Capital storage in nineteenth century Sweden

A need arose in the nineteenth century for safe storage chests for valuables for various reasons, such as the rapid expansion of postal services and the accelerating impact of industrialization on society’s development and credit needs. Consequently, banks and the postal service had the greatest need for money chests.

Banks: a brief history

Bankers and banks have lent money in countries such as Italy since the fifteenth century. However, in the seventeenth century the foundation was laid for the contemporary banking system through the printing of banknotes and issuing of loans. For a short time in 1661, Stockholm Banco (also known as the Bank of Palmstruch) became the first bank in Europe to issue banknotes. This role was soon transferred to Riksens Ständers Bank. In 1773, Diskontkompaniet became the first bank in Sweden to accept deposits from the public and issue loans against personal guarantees. Eight such operations were active in 1818.

Sweden’s first savings bank opened in Göteborg in 1820 and in 1875 there were 325 savings banks scattered across the country. There were also a small number of commercial banks. Finland followed the Swedish pattern and Helsingfors Sparbank (Helsinki Savings Bank) opened in 1826, with the provision that “Security is guaranteed by storing all funds and documents in a money chest with two different locks. Different members of the administration have the keys in rotating order, one key per member.”  Thus the members of the administration personally accepted all risk.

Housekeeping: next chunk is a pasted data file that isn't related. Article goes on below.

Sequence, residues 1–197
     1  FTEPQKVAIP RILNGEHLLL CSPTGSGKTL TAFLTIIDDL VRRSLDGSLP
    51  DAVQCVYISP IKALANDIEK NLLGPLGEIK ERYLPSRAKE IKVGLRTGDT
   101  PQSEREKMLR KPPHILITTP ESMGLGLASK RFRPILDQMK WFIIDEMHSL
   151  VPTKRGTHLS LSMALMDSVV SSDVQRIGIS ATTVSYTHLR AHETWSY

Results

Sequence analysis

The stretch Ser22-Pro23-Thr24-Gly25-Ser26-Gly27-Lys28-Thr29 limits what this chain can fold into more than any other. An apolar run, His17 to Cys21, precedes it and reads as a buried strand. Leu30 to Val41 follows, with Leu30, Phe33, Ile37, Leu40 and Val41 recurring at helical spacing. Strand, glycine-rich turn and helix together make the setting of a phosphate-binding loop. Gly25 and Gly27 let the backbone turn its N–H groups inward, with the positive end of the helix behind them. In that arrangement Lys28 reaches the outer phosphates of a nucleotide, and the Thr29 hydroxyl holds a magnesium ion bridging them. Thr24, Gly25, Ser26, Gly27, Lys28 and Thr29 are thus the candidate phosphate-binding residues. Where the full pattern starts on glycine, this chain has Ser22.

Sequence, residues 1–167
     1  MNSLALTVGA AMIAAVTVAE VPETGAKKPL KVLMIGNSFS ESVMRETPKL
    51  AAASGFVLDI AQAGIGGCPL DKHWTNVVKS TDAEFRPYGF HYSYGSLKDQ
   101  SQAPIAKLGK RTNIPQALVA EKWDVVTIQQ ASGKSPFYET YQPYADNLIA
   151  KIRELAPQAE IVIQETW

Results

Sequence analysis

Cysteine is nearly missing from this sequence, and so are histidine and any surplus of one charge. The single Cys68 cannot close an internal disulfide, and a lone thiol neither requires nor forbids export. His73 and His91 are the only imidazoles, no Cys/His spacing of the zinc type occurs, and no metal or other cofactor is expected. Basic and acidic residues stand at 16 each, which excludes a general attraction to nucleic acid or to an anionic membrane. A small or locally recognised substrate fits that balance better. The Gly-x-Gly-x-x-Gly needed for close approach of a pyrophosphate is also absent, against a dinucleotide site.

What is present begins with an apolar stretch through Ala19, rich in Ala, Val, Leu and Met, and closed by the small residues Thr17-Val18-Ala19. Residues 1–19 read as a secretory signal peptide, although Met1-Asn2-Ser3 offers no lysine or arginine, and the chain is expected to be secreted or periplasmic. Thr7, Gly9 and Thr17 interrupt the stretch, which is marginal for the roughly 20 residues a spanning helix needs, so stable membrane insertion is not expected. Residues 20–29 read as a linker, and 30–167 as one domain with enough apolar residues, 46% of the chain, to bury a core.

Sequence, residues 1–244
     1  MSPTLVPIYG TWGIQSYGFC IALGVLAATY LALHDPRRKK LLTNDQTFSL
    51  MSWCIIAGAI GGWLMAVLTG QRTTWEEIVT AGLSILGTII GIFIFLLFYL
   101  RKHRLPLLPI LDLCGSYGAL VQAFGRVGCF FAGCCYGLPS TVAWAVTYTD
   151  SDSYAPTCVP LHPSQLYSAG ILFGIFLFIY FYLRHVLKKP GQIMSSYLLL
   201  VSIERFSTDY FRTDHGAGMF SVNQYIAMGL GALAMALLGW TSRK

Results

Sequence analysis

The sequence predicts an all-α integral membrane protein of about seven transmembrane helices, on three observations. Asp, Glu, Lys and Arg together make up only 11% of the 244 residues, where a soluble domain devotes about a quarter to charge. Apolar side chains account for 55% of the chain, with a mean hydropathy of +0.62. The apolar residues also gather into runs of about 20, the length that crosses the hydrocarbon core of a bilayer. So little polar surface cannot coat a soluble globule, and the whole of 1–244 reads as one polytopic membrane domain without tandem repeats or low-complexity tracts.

Everything of value was saved in money chests.

Banks and post offices transported money on armed horse-drawn stagecoaches, which had a space on board adapted for chests.

The post office: a brief history

Postal services began in Sweden in the early seventeenth century with postmen riding on horseback. In 1636 the postal service was created, which became Postverket in 1685 when postmarks were introduced. Six years later, the first nationwide charge for postage was applied. During the first years of the eighteenth century an attempt was made at a stagecoach run to carry the mail from Stockholm to Hamburg. In 1850 Postverket became Kungliga Generalpoststyrelsen and the horse-drawn mail stagecoaches became common, though they would soon have competition from postal transports by rail. That same year there were 302 post offices in Sweden to handle 7 million pieces of mail. In 1885, 35 years later, 88 million pieces of mail were delivered and the number of post offices had increased to more than 1,600. At this time even women were employed at the post offices. 

Throughout this long period, all post offices handled vast quantities of cash and each office owned at least one money chest, which was usually firmly screwed down into the wood floor.

Others in society who handled cash and securities

Others who had money chests included private wealthy individuals, such as owners of mines, steel mills and lumber operations. Within industry and workshops they were found in the finance department, as well as in churches, shipping lines and at the county administrative boards’ tax collectors.

In Sweden imported safes did not begin to compete until the middle of the nineteenth century. Imported safes were extremely expensive before domestic production began.

Still at the County Administrative Board in Jönköping: money chest of sheet iron with false keyhole on front. No lock on the lid; the chest was only locked with two padlocks. Photo by the author.


Money chest, Göteborg City Museum. Photo by the author.